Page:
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s.t.a.r.t. Leadership Internalizes History at the Guthrie’s “Appomattox”

October 29, 2012


In the photo are students Elek Harris-Szabo, Saida Mahamud, Lamia Abukhadra, Loren Towle and Sara Osman with adult coaches Abir Abukhadra and Kate Towle.  The student leaders from s.t.a.r.t. are preparing to present a workshop at the 2012 Overcoming Racism Conference.  As part of their studies, they took pause to witness and reflect on two seminal events:  the signing of the treaty to end the Civil War at Appomattox and the spark that inspired Dr. Martin Luther King, Jr.’s protest march from Selma to Montgomery:  the shooting of Church Deacon Jimmie Lee Jackson by an Alabama state trooper.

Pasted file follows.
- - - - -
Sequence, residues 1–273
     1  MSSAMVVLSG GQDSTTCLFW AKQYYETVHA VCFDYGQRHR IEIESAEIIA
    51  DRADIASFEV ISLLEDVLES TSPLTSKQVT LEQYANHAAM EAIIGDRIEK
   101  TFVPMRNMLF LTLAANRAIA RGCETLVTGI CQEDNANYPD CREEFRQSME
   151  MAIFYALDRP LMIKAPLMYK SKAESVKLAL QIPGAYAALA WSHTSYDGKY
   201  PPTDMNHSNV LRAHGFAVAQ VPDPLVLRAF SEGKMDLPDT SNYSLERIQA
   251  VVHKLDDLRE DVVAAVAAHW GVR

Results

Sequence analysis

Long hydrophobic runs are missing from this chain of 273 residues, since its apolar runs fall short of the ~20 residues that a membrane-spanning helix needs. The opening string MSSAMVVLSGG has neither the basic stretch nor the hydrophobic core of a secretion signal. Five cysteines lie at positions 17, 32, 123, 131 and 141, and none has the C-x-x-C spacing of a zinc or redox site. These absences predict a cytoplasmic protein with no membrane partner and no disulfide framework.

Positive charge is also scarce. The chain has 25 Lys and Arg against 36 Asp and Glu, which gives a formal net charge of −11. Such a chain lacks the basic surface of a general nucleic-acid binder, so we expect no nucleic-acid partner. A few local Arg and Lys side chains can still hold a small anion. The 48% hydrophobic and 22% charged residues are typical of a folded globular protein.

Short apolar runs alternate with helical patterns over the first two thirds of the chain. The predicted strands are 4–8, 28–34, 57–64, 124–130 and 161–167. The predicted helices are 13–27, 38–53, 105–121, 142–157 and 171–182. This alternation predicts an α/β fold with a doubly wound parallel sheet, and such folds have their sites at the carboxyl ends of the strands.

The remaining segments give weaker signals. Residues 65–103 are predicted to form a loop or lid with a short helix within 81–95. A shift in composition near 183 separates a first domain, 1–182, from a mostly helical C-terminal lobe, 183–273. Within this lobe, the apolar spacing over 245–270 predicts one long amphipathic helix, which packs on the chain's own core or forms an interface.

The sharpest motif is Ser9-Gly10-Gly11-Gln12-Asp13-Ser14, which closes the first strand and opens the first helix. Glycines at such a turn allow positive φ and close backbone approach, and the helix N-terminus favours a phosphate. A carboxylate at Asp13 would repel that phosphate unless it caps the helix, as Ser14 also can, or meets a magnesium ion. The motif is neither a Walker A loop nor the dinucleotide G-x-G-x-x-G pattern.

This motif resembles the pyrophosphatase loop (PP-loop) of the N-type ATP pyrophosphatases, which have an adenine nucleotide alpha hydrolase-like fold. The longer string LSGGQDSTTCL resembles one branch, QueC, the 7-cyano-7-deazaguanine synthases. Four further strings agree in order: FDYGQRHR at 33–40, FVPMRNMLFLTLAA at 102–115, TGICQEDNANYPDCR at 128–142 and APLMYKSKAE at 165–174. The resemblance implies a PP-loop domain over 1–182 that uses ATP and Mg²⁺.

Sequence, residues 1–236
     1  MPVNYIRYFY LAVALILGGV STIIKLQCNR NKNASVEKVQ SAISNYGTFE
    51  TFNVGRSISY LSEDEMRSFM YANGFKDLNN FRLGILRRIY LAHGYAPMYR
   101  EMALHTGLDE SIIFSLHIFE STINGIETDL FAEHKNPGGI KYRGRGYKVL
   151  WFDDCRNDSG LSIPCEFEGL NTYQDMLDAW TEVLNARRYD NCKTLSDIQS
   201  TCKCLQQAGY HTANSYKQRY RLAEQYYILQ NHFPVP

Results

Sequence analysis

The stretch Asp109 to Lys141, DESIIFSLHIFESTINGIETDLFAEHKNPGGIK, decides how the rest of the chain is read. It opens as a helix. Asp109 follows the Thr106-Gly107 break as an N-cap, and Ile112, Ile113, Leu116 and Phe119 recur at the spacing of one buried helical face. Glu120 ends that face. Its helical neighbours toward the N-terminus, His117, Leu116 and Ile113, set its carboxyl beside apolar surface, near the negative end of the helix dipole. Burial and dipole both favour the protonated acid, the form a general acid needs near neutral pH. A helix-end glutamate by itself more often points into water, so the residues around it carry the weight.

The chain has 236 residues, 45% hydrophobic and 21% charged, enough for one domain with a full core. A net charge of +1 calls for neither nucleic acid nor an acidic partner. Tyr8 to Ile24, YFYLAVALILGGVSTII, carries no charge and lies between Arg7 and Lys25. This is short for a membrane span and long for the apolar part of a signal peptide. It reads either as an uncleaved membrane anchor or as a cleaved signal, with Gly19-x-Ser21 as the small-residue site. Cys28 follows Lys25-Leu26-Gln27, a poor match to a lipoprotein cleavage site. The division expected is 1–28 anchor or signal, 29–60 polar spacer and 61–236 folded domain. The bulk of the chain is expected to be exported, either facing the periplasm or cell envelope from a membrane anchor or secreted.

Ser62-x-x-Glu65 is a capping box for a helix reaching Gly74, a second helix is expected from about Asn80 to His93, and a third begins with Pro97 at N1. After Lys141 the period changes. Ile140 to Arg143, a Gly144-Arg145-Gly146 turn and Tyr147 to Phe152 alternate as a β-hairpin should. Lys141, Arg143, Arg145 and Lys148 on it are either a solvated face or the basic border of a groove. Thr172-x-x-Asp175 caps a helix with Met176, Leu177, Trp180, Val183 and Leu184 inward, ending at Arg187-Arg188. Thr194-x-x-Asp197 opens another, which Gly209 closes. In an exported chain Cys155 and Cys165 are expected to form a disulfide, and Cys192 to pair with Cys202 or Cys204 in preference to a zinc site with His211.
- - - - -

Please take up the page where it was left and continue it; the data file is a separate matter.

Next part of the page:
Appomattox was an unforgettable comparison of two moments in history, showing what forces stir change over 100 years and those that hold us back.  The play has us reflecting not only on U.S. history, but also world history–the Israeli-Palestinian conflict, the Arab Spring and the Somali Civil War–in light of the ebb and flow of institutional power and citizen rights.  At the heart of all our discovery are issues included in the Preamble to the Constitution: forming a more perfect Union, justice, domestic tranquility, providing for the common defense, promoting the general welfare and the blessings of liberty.  As Diane Wilson, author of Spirit Car, proposed last Thursday, we’re considering these fundamental rights within the context of our country’s racial legacy, knowing what was taken away so that we may recover it.   As the advertisement for Appomattox so aptly stated, our stubborn belief in and hope for a brighter future is woven throughout our nation’s history.  It is with that stubborn hope that we are creating new history together through s.t.a.r.t.

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